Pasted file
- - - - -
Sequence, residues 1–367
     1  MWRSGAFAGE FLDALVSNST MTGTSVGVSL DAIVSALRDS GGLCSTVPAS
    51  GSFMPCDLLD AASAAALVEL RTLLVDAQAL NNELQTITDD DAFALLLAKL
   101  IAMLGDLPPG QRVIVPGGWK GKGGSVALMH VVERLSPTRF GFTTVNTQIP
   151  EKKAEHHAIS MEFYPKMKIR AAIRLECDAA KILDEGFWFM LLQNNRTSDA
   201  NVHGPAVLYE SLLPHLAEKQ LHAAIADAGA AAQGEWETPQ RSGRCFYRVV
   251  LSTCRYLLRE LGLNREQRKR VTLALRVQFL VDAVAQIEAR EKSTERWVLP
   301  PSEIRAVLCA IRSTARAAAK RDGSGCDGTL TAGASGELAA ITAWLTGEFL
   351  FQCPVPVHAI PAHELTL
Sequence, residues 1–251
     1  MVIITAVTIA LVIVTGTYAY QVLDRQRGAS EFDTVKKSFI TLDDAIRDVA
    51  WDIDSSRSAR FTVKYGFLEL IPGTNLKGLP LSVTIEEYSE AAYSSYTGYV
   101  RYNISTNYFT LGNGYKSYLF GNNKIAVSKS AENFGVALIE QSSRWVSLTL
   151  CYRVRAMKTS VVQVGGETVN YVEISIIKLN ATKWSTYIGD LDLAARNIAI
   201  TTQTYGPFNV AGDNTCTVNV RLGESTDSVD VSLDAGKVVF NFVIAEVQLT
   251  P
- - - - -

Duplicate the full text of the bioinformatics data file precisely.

Sequence, residues 1–367
     1  MWRSGAFAGE FLDALVSNST MTGTSVGVSL DAIVSALRDS GGLCSTVPAS
    51  GSFMPCDLLD AASAAALVEL RTLLVDAQAL NNELQTITDD DAFALLLAKL
   101  IAMLGDLPPG QRVIVPGGWK GKGGSVALMH VVERLSPTRF GFTTVNTQIP
   151  EKKAEHHAIS MEFYPKMKIR AAIRLECDAA KILDEGFWFM LLQNNRTSDA
   201  NVHGPAVLYE SLLPHLAEKQ LHAAIADAGA AAQGEWETPQ RSGRCFYRVV
   251  LSTCRYLLRE LGLNREQRKR VTLALRVQFL VDAVAQIEAR EKSTERWVLP
   301  PSEIRAVLCA IRSTARAAAK RDGSGCDGTL TAGASGELAA ITAWLTGEFL
   351  FQCPVPVHAI PAHELTL
Sequence, residues 1–251
     1  MVIITAVTIA LVIVTGTYAY QVLDRQRGAS EFDTVKKSFI TLDDAIRDVA
    51  WDIDSSRSAR FTVKYGFLEL IPGTNLKGLP LSVTIEEYSE AAYSSYTGYV
   101  RYNISTNYFT LGNGYKSYLF GNNKIAVSKS AENFGVALIE QSSRWVSLTL
   151  CYRVRAMKTS VVQVGGETVN YVEISIIKLN ATKWSTYIGD LDLAARNIAI
   201  TTQTYGPFNV AGDNTCTVNV RLGESTDSVD VSLDAGKVVF NFVIAEVQLT
   251  P